Windows XP, Orangeworm/Kwampirs and the Soft Underbelly of Healthcare and Embedded Systems
A long time ago when I was first getting my start in the world of tech, I worked for a really awesome guy, John, who for some reason saw some potential in me and gave me a chance to learn IT while working in his silicon wafer reclaim business. This was back in the day of Novell Netware, which was part of an even older concept called on-prem IT. I digress.
Anyway, while John was a great guy and very generous with me and other people, he was also a notorious miser with regards to hardware. We were always getting servers from eBay or dead startup auctions. They built out a multi-million dollar wafer reclaim facility and part of the line was supported by some awesome six-figure tool. That tool had a networking option, which cost several thousand dollars and consisted of a $25 network card and some drivers. Thus, I got to take a ride up to Vancouver, WA and put on a cleanroom bunny suit and get busy working on an obsolete embedded OS on an expensive tool.
At this time, Windows NT4 had been out a while and most of the consumer desktop was using Win98 or ME. I was young and naïve and thus was somewhat unprepared and really shocked to find out that this huge, expensive and moonshot sophisticated tool was being run by Win 3.11 and was a couple generations behind most suburban living room PCs. Fortunately the NIC still came with Win 3.11 drivers (on a floppy) and by some miracle setup.exe actually worked. Hallelujah, get me out of this bunny suit. Surely in the near future someone will solve this problem of expensive tools running old operating systems….
Fast forward to the present day and the whole paradigm of expensive, specialized gear being driven by systems running on old or obsolete operating systems is alive and well.
Case in point, Orangeworm, a new attack group, leveraging malware called Kwampirs. These guys seem to have cracked the code with regards to certain verticals tending to run old/legacy operating systems, and healthcare is one of those verticals and an increasingly attractive target for the badguys.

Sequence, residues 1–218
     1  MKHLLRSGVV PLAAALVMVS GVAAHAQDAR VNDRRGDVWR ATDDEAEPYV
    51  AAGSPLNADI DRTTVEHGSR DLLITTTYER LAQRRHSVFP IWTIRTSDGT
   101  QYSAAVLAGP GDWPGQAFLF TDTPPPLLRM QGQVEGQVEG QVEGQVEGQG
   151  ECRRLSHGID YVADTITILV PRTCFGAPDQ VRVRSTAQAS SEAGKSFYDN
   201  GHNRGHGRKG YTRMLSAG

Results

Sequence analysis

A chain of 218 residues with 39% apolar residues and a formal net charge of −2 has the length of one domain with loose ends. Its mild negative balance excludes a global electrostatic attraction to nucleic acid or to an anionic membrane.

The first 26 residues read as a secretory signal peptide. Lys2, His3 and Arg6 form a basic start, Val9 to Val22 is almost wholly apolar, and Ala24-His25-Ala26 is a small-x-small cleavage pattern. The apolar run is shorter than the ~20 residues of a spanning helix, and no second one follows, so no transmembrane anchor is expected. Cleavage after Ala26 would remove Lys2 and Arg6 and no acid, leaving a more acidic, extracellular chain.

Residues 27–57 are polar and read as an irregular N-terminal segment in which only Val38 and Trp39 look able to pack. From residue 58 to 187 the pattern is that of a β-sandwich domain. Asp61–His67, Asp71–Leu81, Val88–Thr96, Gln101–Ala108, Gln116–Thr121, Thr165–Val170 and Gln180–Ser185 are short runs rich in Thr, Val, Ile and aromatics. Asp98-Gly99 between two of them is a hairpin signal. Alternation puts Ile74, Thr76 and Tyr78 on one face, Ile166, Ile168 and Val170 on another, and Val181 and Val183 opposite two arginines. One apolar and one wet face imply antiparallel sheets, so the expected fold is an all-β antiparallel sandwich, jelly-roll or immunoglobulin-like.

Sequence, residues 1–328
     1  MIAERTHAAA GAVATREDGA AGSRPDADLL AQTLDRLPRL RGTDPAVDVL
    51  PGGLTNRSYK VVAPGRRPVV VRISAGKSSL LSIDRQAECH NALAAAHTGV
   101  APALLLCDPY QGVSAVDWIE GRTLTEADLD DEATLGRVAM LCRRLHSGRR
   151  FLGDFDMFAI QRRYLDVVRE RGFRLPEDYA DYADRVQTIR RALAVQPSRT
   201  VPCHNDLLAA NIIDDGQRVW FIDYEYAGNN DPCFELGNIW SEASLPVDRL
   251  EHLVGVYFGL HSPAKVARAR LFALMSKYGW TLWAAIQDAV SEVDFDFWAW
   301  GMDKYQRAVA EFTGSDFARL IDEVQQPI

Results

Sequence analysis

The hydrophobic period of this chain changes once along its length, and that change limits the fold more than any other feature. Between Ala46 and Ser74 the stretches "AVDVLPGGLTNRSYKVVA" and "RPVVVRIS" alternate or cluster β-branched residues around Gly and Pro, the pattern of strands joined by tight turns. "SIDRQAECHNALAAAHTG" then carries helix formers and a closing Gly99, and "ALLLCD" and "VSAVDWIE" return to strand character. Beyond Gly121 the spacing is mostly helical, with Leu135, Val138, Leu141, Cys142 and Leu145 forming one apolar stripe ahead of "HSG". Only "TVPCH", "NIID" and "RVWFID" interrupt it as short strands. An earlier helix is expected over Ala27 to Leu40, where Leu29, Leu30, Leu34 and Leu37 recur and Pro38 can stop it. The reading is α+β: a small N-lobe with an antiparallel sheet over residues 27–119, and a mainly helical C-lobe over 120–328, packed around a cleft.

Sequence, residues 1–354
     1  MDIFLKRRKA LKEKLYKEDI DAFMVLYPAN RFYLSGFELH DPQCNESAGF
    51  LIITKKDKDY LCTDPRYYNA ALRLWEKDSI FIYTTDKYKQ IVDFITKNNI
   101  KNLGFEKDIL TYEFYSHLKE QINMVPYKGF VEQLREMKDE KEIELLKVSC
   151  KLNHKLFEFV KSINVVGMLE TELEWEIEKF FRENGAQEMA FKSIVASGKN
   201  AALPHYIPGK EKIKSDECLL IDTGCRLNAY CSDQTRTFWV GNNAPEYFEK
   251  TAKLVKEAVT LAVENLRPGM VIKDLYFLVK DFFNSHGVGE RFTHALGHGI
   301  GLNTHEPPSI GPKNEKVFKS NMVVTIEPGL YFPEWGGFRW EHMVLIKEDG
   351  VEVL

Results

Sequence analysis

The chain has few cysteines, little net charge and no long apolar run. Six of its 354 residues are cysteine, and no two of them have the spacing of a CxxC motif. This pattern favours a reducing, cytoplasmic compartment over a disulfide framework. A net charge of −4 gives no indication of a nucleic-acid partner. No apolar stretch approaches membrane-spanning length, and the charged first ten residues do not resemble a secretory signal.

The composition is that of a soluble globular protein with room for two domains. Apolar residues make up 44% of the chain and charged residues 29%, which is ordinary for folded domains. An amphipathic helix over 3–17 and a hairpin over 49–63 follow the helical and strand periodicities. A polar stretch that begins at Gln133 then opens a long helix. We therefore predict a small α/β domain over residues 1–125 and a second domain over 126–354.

One of the challenges is that systems like X-Ray machines are very expensive, relatively long lived tools. The companies that make them are not usually focused on IT and related issues, so they are most interested in shipping the tool and don’t necessarily think about updates and patches ten years down the line or even security beyond whatever is required by HIPAA (a commenter on The Register suggested putting some credit card data on those systems and watching how quickly PCI gets previously un-updatable systems updated and patched).
Other environments, like manufacturing or just about any sort of place where you can find SCADA systems, can be somewhat similar – expensive equipment that does not go obsolete overnight made and installed and maintained by people who probably don’t really focus on IT can lead to similar outcomes – lots of embedded XP or other similarly old and obsolete and vulnerable operating systems embedded in not easily updatable ways.
It may seem hard to believe how hard it is to update some of these systems, but it is. Some of the reason may be certification related – with significant changes requiring expensive and time-consuming recertification. In some cases there might be an expensive support contract that gets voided if you touch things, in others there may be stuff soldered to a motherboard or special hardware that requires drivers that only run on an old OS or any of a number of other reasons why rip and replace or “just virtualize it” won’t work.
Because of these reasons, Orangeworm has been able to impact a fairly large number of organizations using relatively old malware, in this case Kwampirs. While the combination is not particularly sneaky, trick or sophisticated, they have proven adequately skilled to get in to a number of production healthcare, industrial, logistics and manufacturing networks.
Orangeworm doesn’t seem to care too much about flying low and slow and trying to avoid detection. To the contrary, they do a lot of noisy, easy to detect things that seem a lot more like kicking down a weak front door than picking the lock. While the purist may cringe, considering the state of IT in many of the target verticals, maybe stealthy approaches would not buy a bad actor very much.
Next steps for organizations running networks, particularly those in health care, manufacturing include:
1. Make sure existing tools (X-Ray, MRI, CAT etc) are patched and updated to the extent possible.
2. You may want to explore network segmentation and create highly protected network segments with fairly restrictive ACLs etc for vulnerable IoT devices.
3. To ensure the steps you have taken to protect your devices have been effective, you may want to test your security with a product such as BreakingPoint.